Charge-carrier mobility has been investigated by time-of-flight (TOF) transient photocurrent in a lateral transport configuration in highly crystalline thin films of 2,7-dioctylbenzothieno [3,2-b] benzothiophene (C8-BTBT) grown by a zone-casting alignment technique. High TOF mobility has been revealed that it is consistent with the delocalized nature of the charge transport in this material, yet it featured a positive temperature dependence at ?≥295K. Moreover, the mobility was surprisingly found to decrease with electric field in the high-temperature region. These observations are not compatible with the conventional band-transport mechanism. We have elaborated an analytic model based on effective-medium approximation to rationalize the puzzling findings. The model considers the delocalized charge transport within the energy landscape formed by long-range transport band-edge variations in imperfect organic crystalline materials and accounts for the field-dependent effective dimensionality of charge transport percolative paths. The results of the model calculations are found to be in good agreement with experimental data. The work was published in Chemical Papers.
Our group has been involved in a collaborative approach to study non-fullerene organic solar cells. Recent advances in the development of non-fullerene acceptors have increased the power conversion efficiency of organic solar cells to approximately 13%. Fullerene-derivatives and non-fullerene acceptors possess distinctively different structural, optical and electronic properties, which also change the requirements on the polymer donor in non-fullerene organic solar cells. Therefore, in this study, the effect of the molecular weight of the conjugated polymer on the photovoltaic performance, charge carrier mobility, crystallization properties, film morphology, and non-geminate recombination dynamics is systematically investigated in polymer:small molecule organic solar cells using the low bandgap polymer PTB7-Th as the donor and the non-fullerene indacenodithiophene-based small molecule O-IDTBR as the acceptor. Among the examined polymer samples (50–300 kDa), high molecular weights of PTB7-Th (with an optimum molecular weight of 200 kDa) are advantageous to achieve high efficiencies up to 10%, which can be correlated with an increased crystallinity, an improved field-effect hole mobility (1.05 × 10−2 cm2 V−1 s−1), lower charge carrier trapping and a reduced activation energy of charge transport (98 meV). Bias-assisted charge extraction and transient photovoltage measurements reveal higher carrier concentrations (1016 cm−3) and long lifetimes (4.5 μs) as well as lower non-geminate recombination rate constants in the corresponding devices, supporting the high photocurrents (ca. 15.2 mA cm−2) and fill factors (>60%). Work was published in Journal of Materials Chemistry A.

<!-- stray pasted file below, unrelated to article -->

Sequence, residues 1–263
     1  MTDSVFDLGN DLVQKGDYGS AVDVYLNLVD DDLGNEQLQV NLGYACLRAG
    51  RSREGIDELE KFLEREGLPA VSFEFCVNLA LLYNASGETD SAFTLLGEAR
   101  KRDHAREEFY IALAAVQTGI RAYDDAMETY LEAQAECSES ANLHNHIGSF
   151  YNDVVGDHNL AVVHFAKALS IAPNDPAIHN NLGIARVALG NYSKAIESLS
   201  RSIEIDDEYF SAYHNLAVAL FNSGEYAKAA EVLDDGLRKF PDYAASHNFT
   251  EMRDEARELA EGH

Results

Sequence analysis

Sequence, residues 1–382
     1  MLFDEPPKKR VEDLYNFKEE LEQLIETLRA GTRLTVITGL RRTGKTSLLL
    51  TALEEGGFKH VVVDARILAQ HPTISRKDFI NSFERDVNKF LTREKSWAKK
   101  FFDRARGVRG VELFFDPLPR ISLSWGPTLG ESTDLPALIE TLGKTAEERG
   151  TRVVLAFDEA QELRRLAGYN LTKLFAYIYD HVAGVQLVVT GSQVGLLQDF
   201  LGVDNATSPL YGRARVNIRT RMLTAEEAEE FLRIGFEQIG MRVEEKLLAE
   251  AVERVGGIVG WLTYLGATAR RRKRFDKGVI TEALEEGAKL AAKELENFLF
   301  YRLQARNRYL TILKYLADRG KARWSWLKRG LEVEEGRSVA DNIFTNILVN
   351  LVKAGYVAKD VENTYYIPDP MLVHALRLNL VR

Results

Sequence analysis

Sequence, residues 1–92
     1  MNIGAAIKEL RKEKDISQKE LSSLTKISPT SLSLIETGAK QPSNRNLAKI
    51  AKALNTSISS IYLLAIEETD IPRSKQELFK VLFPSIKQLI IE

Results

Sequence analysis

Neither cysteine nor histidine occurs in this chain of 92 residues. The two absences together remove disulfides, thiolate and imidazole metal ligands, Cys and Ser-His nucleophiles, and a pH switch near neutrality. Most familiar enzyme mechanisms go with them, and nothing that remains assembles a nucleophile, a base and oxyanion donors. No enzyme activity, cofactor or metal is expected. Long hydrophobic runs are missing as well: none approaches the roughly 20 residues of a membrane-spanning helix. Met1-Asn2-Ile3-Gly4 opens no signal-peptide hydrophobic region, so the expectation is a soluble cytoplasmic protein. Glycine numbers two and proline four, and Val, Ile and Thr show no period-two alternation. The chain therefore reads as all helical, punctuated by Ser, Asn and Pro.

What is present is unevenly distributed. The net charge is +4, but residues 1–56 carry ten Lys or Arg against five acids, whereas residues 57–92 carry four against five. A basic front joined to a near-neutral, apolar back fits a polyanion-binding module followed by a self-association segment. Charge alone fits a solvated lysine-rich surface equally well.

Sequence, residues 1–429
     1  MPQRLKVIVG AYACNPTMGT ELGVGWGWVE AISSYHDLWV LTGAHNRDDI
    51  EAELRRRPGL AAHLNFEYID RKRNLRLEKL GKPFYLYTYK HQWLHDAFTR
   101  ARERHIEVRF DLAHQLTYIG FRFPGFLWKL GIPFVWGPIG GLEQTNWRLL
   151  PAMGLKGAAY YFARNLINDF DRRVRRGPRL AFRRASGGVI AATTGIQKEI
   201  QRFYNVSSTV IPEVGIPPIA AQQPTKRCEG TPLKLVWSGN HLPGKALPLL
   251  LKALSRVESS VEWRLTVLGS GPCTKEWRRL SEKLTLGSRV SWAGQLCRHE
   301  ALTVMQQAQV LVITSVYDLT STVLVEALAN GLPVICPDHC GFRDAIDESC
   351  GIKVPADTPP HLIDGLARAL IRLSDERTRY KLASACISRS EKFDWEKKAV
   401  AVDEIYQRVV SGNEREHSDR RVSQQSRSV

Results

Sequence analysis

We used time-of-flight photocurrent measurements to determine the role of grain boundaries in charge carrier transport in thin layers of methyl ammonium lead iodide (CH3NH3PbI3). The measurement results were compared to Kinetic Monte Carlo simulations, based on a transport model, which disentangles the transport within crystallites and hopping across grain boundaries. The observed mobilities of electrons are in the order ∼2.5 × 10−1 cm2V−1s−1. The hopping across grains is modeled with an Arrhenius-type probability rate, characterized by activation energy (Ea). It was found that the Ea estimated from the slope of a mobility-temperature dependence is in the range of ∼56–70 meV. The factors contributing to Ea are shunting pathways and the grain-size variations including energy level misalignments at the grain boundaries. These results represent a step toward a design of novel windowless organic-inorganic perovskite solar cells. More is published in Materials Chemistry and Physics.